Supposedly, a group of scentists and academics in Britain have, on an investment of $8700, used a mathematical approach to win a $13M jackpot. (Source: A Statistical Approach for Winning Lottery — Group Wins $13M!)

Momentarily assuming that there’s no “rake” and that the lottery pays $1 in prizes for each $1 in gambling, that’s “only” ~1500:1 odds. Not likely, but stranger things happen every day.

But, of course, the problem with *any* kind of approach to the lottery (or, for that matter, stock picking), is that there *is* a rake. In the case of the lottery, the state takes a large percentage of the income. In the case of stocks, trading costs and the speed of execution have destroyed many a trading “system” (it’s surprisingly easy to create a statistical model that works, if execution is instantaneous and free).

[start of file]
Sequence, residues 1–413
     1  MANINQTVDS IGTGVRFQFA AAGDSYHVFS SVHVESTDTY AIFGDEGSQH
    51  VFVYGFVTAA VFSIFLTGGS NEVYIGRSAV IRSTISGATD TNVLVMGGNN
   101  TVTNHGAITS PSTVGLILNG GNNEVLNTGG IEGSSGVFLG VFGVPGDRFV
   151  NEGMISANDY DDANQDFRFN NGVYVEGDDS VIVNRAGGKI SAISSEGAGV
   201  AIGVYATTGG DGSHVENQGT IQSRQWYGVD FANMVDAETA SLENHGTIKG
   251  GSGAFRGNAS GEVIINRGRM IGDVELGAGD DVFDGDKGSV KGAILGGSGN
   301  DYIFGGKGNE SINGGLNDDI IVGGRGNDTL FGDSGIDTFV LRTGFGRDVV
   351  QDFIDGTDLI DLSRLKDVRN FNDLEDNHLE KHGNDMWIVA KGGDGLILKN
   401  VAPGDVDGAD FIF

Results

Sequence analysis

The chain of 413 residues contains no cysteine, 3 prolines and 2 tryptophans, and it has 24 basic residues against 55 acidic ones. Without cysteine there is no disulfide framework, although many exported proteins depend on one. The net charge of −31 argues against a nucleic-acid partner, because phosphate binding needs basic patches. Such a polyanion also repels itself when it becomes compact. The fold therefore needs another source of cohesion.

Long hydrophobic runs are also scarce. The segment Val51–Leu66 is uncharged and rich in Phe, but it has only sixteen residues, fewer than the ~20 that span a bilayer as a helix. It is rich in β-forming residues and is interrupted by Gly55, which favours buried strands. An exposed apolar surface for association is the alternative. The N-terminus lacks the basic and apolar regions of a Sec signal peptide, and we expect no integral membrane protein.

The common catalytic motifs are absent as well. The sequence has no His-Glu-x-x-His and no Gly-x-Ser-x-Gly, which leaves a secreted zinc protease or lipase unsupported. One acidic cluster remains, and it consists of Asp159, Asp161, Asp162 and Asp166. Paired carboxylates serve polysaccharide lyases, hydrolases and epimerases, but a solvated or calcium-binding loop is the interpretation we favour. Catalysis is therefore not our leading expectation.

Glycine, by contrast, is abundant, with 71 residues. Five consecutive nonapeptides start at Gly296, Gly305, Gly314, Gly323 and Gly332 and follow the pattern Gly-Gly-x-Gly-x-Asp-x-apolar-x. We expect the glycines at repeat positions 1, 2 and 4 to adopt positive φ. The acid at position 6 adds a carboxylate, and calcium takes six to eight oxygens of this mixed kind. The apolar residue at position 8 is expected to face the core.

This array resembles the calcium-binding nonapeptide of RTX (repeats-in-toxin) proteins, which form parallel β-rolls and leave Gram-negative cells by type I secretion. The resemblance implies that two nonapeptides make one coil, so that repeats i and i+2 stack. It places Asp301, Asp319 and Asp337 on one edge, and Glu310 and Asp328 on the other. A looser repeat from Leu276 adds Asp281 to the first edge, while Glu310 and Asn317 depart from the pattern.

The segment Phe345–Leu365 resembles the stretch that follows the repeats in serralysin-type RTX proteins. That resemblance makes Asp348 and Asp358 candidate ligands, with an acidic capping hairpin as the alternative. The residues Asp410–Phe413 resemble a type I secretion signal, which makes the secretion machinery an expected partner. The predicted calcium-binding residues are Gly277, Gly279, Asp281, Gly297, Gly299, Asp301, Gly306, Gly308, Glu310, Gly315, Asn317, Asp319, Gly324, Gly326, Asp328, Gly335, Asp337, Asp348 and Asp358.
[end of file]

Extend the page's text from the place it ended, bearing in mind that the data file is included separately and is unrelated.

The scant details seem to describe a technique for covering all numbers in order to increase the amount of payout when those numbers hit (as opposed to, say, the numbers 1-12 and 1-30, which are used by people betting birthdays and anniversaries). I find it highly doubtful that any such technique could beat the rake in a professionally-run, large-scale lottery. If there *is *a technique, I hope the newly rich academics publish their mathematical techniques, because it will probably necessitate rewriting the textbooks of probability!

Oh, and this gives me an excuse to blog a long-held opinion of mine: it’s perfectly rational to buy a ticket for a lottery. What’s contemptibly irrational is buying two or more.